German and Belgian authorities have joined forces in blocking the entry of worth billions of euros of cocaine into Europe.
According to a report by Wanted in Europe, the joint operation was believed to be the largest cocaine smuggling so far, having seized combined 23 metric tons of cocaine.
The operation came after receiving a tip from an investigator from the Netherlands, resulting in custom officers checking three containers allegedly declared as construction putty in Hamburg.
The was said to have run for more than a week, leading to the arrest of a 28-year-old man from Vlaardingen, the Netherlands who was supposed to receive the shipments.
The man was said to be the managing director of the import company.
During the course of the probe, several business premises across Rotterdam and its nearby areas were also subjected to a search warrant.
Wanted in Europe said as much as 16,174 kilograms (kg) of cocaine were seized concealed in 1,728 cans of construction putty.
Police traced the containers back to Paraguay, having made stops in Tangier, Morocco, and Rotterdam, Netherlands.
Guided by the new find, Dutch authorities began with an investigation into the recipient of the shipment and led to 11 more containers from Panama to Antwerp blocked. The shipments allegedly contained squid, mackerel, pineapple, and wood.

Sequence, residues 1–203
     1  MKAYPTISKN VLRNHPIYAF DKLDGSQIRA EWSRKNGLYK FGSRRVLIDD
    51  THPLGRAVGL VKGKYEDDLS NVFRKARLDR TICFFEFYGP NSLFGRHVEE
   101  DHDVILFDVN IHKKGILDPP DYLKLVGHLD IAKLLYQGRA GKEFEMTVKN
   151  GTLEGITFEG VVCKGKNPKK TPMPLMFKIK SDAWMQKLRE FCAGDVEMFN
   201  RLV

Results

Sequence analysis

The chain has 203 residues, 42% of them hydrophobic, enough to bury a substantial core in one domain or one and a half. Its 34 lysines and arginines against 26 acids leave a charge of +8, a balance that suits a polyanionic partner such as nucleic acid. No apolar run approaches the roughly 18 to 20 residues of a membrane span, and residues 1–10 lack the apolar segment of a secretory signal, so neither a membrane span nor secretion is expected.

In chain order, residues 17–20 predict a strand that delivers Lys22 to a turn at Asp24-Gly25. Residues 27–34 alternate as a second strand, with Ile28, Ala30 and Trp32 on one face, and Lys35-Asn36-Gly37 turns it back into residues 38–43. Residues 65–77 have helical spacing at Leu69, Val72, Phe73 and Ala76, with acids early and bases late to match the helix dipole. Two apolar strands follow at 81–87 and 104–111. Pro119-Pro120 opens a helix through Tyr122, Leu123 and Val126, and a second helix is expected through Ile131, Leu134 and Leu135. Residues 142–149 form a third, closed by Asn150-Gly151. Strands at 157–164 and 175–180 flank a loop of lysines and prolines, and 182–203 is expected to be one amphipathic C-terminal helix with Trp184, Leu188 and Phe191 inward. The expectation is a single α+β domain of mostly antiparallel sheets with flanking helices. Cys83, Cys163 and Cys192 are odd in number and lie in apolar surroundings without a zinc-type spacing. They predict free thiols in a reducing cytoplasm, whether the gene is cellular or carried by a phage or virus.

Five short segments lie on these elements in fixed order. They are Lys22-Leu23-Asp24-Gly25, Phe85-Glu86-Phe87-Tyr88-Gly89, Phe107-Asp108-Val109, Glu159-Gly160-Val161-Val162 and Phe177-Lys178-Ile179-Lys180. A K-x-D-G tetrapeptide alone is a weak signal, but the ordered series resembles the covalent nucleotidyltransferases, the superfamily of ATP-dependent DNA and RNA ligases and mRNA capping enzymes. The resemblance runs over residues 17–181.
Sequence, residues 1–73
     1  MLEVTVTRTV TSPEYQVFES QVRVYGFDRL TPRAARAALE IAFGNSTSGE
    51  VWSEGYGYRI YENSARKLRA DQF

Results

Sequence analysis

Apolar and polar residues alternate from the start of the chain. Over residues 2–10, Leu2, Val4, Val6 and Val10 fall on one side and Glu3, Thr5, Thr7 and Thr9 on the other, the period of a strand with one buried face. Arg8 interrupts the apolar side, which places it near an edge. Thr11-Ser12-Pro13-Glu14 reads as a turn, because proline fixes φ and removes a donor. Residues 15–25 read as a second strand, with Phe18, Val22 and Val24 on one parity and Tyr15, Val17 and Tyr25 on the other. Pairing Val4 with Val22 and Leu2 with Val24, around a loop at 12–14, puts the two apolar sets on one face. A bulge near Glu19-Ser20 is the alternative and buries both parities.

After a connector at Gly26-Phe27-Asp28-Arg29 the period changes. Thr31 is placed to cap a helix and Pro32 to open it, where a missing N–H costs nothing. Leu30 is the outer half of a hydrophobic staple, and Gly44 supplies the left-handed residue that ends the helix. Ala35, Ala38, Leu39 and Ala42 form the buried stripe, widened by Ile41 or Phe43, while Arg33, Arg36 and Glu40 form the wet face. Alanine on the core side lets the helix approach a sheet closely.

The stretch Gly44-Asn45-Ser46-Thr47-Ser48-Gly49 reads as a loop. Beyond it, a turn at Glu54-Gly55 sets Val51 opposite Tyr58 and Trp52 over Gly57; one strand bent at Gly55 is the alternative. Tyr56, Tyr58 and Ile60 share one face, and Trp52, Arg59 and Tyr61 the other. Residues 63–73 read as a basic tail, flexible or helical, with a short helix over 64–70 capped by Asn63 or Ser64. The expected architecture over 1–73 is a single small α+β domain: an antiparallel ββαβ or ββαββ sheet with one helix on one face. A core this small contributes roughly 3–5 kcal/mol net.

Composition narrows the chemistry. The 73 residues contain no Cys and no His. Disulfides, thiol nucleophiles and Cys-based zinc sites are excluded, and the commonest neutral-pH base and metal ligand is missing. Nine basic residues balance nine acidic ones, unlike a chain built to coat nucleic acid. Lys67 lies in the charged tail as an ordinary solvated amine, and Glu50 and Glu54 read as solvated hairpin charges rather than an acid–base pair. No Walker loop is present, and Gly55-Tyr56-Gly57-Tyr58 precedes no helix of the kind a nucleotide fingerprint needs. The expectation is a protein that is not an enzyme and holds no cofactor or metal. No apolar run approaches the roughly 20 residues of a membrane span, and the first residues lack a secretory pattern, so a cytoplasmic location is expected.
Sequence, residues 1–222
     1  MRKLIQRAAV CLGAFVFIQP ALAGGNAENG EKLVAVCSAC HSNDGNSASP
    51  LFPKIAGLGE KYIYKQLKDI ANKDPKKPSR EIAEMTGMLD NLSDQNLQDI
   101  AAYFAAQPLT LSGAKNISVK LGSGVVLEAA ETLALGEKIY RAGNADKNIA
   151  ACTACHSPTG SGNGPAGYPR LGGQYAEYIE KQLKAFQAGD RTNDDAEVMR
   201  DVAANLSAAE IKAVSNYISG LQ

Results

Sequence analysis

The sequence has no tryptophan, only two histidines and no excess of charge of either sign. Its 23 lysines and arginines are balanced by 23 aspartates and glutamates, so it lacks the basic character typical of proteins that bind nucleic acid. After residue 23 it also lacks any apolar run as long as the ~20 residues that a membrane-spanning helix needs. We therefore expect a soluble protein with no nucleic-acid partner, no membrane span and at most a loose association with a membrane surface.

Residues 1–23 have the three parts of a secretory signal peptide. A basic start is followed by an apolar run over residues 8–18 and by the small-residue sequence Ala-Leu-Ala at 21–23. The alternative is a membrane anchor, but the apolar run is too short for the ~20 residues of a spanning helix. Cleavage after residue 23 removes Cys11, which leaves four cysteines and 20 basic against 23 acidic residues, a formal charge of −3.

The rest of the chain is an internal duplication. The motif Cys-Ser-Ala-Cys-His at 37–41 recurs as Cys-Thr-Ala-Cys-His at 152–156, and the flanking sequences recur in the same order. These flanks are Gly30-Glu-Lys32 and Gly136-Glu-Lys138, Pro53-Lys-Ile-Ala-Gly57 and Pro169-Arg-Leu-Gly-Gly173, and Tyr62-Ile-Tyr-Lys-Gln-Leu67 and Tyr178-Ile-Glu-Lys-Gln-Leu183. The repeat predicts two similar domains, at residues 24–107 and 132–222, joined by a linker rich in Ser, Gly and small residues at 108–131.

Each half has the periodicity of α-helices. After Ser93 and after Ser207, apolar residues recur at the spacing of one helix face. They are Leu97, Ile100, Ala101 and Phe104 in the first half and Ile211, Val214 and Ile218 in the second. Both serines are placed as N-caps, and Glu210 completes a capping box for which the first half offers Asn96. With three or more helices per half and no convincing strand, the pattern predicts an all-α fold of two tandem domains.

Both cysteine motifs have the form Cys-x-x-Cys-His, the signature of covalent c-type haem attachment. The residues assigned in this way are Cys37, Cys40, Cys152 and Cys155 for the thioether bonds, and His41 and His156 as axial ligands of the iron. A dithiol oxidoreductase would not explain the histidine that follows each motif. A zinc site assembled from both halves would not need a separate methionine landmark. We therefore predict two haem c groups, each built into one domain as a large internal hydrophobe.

Authorities were able to confiscate 7,200 kg worth of cocaine in one of the containers allegedly carrying wooden blocks in Antwerp, Belgium.
The 16 tonnes of cocaine nabbed in Germany marked a new record for EU-bound cocaine seizures. It was also said to be among the largest single drug busts across the globe.
German authorities received praise for the exemplary cooperation between German customs and their European partner authorities. Custom officers in Hamburg handle over eight million containers annually.
In a Twitter post, the European Border and Coast Guard Agency (Frontex) congratulated the effort of their colleagues while pointing out how the security of EU citizens remained their top priority.
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